Note well: It’s a poll of adults, not a poll of voters, so it’s no predictor of how next year’s vote will shake out. But I want you to see it anyway because it corroborates other recent polls showing a historic collapse of Congress’s standing among the public. Never in modern times, through the financial crisis, the Iraq war, or Clinton’s scandals and impeachment, have American adults been quite this disgusted with their reps. It’s come to this:
Only 41 percent of people questioned say the lawmaker in their district in the U.S. House of Representatives deserves to be re-elected – the first time ever in CNN polling that that figure has dropped below 50 percent. Forty-nine percent say their representative doesn’t deserve to be re-elected in 2012. And with ten percent unsure, it’s the first time that a majority has indicated that they would boot their representative out of office if they had the chance today.
“That 41 percent, in the polling world, is an amazing figure. Throughout the past two decades, in good times and bad, Americans have always liked their own member of Congress despite abysmal ratings for Congress in general,” says CNN Polling Director Keating Holland. “Now anti-incumbent sentiment is so strong that most Americans are no longer willing to give their own representative the benefit of the doubt. If that holds up, it could be an early warning of an electorate that is angrier than any time in living memory.”
As for all members of Congress, the poll indicates only a quarter of the public says most members of Congress deserve to be re-elected.
Among registered voters, the split is slightly better but still underwater at 45/48. Gallup polled this same question today and found the split among registered voters at 54/34, which is slightly better than the numbers last fall before the midterms. But there’s a new low lurking in their data too. When you ask whether most members of Congress should be reelected, the graph falls off a cliff:
That’s fully seven points lower than the previous record low, and that’s why Charlie Cook thinks next year “we could very well see a situation where voters just start throwing incumbents out of windows.” Is it true that the public’s blaming all incumbents regardless of party, though? Sort of: In CNN’s poll, both parties are waaaay underwater when registered voters are asked whether most members of that party deserve reelection. For Democratic representatives, though, the split is 39/57, which is actually a few points better than where they were before the midterm bloodbath last year (36/60). For Republican representatives, the split is … 31/65, which is worse than both the Democrats’ numbers last year and the GOP’s own numbers before the 2006 and 2008 wipeouts. At 33/59, the GOP’s favorable rating is also lower than it’s been in five years. And of course the tea party’s affected too:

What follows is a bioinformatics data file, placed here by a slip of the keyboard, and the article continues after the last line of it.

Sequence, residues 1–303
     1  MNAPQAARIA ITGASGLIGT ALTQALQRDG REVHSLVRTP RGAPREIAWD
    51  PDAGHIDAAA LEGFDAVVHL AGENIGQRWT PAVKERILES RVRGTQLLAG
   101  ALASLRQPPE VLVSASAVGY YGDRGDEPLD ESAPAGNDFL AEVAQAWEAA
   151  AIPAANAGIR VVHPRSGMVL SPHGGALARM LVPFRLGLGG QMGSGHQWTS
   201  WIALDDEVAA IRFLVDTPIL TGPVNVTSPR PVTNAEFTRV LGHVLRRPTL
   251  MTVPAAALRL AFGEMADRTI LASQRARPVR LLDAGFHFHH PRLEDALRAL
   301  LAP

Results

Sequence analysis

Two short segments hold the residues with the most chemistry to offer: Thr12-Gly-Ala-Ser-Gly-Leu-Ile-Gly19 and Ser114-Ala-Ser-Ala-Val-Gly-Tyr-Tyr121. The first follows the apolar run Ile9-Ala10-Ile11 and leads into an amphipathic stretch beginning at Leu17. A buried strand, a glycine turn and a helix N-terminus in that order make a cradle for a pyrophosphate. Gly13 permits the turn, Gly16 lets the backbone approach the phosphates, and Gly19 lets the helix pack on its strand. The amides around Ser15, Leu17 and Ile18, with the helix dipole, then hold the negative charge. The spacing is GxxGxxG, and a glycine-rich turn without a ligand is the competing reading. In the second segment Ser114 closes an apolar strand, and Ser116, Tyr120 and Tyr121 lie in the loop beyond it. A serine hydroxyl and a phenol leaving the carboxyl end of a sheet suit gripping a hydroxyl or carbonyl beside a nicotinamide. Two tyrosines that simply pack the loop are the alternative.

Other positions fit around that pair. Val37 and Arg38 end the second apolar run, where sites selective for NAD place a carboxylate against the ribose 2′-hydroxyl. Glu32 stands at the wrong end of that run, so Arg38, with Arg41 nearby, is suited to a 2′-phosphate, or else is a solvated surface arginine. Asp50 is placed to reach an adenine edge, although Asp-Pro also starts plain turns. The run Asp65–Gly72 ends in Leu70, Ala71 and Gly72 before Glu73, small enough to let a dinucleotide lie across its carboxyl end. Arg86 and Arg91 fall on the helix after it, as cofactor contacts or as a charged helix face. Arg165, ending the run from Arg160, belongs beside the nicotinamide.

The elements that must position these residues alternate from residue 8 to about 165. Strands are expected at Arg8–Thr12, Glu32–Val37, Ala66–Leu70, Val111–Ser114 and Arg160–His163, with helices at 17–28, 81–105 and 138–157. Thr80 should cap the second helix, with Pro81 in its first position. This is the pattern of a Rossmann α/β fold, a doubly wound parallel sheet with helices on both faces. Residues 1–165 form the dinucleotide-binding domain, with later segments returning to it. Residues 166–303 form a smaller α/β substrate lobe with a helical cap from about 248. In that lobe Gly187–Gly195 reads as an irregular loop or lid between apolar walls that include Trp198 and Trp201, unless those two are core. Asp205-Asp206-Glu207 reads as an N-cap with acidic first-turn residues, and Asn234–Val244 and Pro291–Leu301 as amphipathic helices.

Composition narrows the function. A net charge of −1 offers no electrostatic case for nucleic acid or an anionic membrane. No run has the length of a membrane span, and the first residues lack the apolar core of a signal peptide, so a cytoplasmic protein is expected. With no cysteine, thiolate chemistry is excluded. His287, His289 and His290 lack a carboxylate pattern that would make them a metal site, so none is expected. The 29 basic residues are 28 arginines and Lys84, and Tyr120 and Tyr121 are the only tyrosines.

Pew has a new poll out today on the tea party as well. Note the line on independents. Granted, it’s still a roughly even split, but it wasn’t so even just six months ago:
Ace says he’s discounting the CNN poll because, after all, the whole point of the tea party is to offer tough medicine. When you go around telling people plain truths about the welfare state being unsustainable, don’t be surprised if they don’t hug you for it. The only problem with that theory: The recent polls on the debt-ceiling deal show that somewhere between 70 and 80 percent of the public either likes the amount of spending cuts in the deal or thinks they should have gone further. The public also likes the balanced-budget amendment that House tea partiers were pounding the table for, so there’s no obvious substantive reason why they’d punish the tea party in polls now. So why the backlash, then? Presumably it’s because of the tactics. Maybe they didn’t like the brinksmanship with the economy in the middle of a hellishly slow “recovery.” The Democrats’ strategy, led by President Present, is to sit back and let the tea party bleed some of its popularity on an aggressive “tough choices” agenda and the occasional serendipitous (for Democrats) political overreach. That way, when the real battle finally begins over entitlements, independents will be more suspicious of the tea-party brand than they were before. It’s a gutless, cynical, irresponsible strategy given the magnitude of our spending problem, but it’s not stupid. It may have worked to some extent here.